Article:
Exercising and osteoporosis

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I have been told that bending forward is not advisable when having osteoporosis, I am confused because I seem to bend all the time when exercising, any ideas what they mean with that ? Thanks

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  • Posted

    A physiotherapist at a bones clinic I attended said we should bend down by actually moving as though we are about to sit down - stick out your bottom and lower yourself. This avoids the stress on the knees that an ordinary squat will cause, plus enables you to reach quite low without that forward bend of the spine we should avoid.  It's also easier to rise from than an ordinary squat.  I think what it's doing is adjusting the centre of gravity.  I use this motion when feeding my cats, for example.

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  • Posted

    I have been told that so long as it is a controlled movement we can bend and even twist. I called the NOS and asked specifically this question since I have been doing pilates and yoga classes for a couple of years and I am now trying to figure out what is really dangerous. Stomach crunches, rolling like a ball and the likes are a no no.
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    • Posted

      On the healthunlocked forum someone posted a link to a video describing how to bend without actually bending the spine - you fold up like a table!  The video makes it clear.  But basically you move your backside as though you are about to sit down, the knees automatically bend, and you swing down from the hips keeping the spine straight.  By moving this way your centre of gravity prevents stress on the knees, and it is possible to pick up things from the floor without stressing the vertebrae.  Easier to understand when looking at the little video.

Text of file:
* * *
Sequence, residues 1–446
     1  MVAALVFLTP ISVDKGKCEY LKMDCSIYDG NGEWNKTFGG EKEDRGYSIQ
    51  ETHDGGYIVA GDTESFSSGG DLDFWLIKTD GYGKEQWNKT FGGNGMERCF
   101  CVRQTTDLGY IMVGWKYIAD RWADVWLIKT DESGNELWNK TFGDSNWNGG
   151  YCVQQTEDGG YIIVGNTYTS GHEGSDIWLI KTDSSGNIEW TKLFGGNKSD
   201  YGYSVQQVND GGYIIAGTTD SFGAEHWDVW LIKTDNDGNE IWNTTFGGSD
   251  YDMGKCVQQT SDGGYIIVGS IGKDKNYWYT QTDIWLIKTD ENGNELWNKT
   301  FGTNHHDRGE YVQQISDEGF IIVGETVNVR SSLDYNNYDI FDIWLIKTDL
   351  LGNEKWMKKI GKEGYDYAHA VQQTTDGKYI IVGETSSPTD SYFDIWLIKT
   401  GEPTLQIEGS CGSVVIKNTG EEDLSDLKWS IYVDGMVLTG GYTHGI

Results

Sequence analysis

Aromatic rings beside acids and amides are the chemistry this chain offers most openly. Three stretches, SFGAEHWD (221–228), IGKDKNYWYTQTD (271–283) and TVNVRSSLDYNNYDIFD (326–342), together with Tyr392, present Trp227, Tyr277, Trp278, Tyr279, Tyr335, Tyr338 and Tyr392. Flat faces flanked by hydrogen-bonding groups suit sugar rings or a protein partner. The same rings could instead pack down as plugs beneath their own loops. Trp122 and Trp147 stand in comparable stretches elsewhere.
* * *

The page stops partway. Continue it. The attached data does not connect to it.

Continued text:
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    • Posted

      yes, you have explained much better than me. I am naturally very flexible and careful about form. I do not tend to bend the spine. 
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  • Posted

    Agree with all of the comments. Physio advised me to stop yoga\pilates as too much bending and twisting, and do core strength, impact and resistance band exercises. It is because in severe osteoporosis you may have a high risk factor of a break caused by something as simple as coughing,  bending from the waist or twisting. I sprained my ankle badly by getting out of bed and putting my foot on the floor. Tore all the ligaments and tendons. It was that simple. I still do yoga poses that don’t involve bending or twisting,  (very  moderate compared to what I’m capable of] and combine with the rest. I just watch how I move now. 
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    • Posted

      And sprained the othe ankle years later trimming roses. Haven’t broken anything though..💪

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